Thousand tops

With 2020 being largely taken out of the mix, it has taken me just over 8 years to review 1000 shows as Blue Curtains Brisbane. And my top 10 favourites from within them, appropriately feature shows from 2013 to 2021… a mix of comedy, cabaret, musicals, theatre and festival fare.

1. Delectable Shelter (The Hayloft Project)

The Hayloft Project’s 2013 out-of-the-box black comedy, “Delectable Shelter” literally took place in a box as bunker at Brisbane Powerhouse in its claustrophobic tell of five doomsday survivors planning a utopian society. With ‘80s power ballads and hilarious homages to their ancestors from later descendants, there was so much by which to be entertained in the anarchy of its apocalyptic storytelling, making it my absolute favourite.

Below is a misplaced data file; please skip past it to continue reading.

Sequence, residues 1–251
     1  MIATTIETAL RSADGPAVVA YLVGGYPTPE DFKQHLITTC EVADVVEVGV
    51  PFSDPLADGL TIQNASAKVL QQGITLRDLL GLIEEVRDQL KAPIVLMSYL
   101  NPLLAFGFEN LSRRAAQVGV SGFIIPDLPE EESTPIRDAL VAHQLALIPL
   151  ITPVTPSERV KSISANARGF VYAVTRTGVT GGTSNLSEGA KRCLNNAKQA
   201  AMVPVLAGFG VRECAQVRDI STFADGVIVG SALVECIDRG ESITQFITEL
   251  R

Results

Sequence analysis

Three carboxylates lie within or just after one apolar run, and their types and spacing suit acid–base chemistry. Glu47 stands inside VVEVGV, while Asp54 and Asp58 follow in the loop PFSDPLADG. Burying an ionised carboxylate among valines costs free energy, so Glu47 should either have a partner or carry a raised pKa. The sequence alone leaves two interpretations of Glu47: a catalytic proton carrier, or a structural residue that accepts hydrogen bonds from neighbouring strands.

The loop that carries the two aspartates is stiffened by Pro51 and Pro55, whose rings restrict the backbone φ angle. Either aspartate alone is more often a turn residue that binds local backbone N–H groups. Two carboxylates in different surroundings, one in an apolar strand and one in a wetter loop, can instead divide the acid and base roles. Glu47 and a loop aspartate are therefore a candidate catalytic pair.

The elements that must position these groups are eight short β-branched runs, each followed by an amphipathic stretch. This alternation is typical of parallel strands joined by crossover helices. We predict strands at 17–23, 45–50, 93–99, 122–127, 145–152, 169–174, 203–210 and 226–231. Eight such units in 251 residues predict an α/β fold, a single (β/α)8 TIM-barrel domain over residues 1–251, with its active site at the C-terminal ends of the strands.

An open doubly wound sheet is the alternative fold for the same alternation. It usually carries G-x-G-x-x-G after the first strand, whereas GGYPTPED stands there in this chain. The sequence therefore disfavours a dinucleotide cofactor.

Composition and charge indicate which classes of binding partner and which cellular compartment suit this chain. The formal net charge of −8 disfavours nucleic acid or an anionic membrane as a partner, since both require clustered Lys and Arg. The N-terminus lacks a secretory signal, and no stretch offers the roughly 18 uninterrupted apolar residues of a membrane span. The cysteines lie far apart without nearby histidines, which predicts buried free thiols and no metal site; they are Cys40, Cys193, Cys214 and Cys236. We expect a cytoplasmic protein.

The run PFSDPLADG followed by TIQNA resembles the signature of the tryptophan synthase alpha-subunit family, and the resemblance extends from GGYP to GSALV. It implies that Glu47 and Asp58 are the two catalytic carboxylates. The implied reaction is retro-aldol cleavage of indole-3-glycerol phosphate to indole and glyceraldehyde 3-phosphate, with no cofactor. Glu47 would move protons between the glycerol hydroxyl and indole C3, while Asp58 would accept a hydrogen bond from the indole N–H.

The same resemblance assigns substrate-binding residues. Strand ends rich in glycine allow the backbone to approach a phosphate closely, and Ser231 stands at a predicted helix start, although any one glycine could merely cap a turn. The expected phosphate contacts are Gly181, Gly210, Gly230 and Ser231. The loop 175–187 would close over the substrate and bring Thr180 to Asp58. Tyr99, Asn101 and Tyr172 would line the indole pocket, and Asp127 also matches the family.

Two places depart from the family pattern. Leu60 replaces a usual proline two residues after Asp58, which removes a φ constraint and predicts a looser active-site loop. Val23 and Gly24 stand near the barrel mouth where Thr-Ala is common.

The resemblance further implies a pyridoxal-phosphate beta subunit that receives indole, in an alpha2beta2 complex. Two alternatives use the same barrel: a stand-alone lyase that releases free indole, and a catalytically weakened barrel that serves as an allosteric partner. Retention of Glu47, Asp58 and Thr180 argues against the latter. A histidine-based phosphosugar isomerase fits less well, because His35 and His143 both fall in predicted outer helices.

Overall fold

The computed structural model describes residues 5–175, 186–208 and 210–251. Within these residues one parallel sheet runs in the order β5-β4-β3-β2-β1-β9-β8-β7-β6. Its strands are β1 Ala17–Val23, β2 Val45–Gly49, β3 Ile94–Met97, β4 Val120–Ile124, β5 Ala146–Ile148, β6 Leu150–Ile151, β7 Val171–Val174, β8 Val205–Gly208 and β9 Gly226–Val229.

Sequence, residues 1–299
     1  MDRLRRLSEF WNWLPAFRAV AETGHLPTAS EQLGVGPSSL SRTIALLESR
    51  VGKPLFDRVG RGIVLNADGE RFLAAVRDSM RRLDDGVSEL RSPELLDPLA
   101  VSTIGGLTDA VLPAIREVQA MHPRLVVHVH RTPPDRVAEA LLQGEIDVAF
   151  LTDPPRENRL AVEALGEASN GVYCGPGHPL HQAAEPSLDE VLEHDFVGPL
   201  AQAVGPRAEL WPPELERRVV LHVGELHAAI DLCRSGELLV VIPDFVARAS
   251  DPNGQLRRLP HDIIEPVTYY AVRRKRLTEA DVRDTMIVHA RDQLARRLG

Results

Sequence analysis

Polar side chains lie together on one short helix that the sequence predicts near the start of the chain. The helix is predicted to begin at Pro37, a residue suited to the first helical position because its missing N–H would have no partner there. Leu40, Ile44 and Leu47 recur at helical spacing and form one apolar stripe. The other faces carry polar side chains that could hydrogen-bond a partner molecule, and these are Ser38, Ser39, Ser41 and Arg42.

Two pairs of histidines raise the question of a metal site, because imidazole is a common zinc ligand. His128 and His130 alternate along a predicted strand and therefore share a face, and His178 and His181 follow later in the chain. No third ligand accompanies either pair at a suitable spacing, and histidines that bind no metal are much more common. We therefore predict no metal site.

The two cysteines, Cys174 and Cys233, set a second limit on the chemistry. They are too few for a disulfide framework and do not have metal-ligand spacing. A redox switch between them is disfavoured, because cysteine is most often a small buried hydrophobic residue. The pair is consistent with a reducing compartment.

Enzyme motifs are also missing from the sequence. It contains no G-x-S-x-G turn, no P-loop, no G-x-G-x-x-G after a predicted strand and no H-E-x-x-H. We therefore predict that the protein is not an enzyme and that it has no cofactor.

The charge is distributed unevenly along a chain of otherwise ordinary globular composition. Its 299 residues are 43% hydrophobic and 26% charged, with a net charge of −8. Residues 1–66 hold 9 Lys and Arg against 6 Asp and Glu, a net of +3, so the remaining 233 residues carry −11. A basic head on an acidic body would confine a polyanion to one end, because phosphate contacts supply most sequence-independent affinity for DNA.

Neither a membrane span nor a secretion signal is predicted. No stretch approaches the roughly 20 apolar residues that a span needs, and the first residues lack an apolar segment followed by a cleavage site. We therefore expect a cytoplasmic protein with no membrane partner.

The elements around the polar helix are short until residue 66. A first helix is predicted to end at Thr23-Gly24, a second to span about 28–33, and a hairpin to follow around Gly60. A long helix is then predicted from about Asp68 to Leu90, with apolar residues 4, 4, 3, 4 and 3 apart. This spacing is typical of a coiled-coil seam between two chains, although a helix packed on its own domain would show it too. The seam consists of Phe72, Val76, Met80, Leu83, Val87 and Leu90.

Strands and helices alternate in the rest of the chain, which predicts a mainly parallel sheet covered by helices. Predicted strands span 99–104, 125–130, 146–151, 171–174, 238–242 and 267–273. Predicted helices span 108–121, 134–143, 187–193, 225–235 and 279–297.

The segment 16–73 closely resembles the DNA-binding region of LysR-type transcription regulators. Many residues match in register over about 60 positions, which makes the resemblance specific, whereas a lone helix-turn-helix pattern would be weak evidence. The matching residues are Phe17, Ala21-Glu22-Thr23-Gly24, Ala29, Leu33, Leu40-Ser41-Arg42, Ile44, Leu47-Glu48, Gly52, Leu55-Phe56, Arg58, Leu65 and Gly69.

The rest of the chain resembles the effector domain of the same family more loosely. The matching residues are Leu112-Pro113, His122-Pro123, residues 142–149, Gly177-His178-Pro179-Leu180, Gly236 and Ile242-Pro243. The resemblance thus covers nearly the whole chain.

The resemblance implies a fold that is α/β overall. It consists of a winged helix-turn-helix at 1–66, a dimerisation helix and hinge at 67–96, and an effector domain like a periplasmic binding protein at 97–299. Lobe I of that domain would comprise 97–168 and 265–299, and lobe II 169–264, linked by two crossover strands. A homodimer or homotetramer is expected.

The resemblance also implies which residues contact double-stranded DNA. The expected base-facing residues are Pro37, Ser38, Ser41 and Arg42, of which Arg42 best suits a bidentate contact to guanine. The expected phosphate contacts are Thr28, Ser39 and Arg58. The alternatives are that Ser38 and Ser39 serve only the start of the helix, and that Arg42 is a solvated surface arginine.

2. The Curious Incident of the Dog in the Night-Time (National Theatre of Great Britain)

In 2018, the National Theatre of Great Britain provided QPAC audiences with an unparalleled insight into the mind of someone living with an autism spectrum condition with their acclaimed production of Mark Hadden’s much-loved novel. Inventive, imaginative stage design which saw the floor and all three walls of the boxed-in set transformed into mathematical graph paper, provided many visually memorable moments authentic to experience of the show’s London production.

3. All My Love (HIT Productions)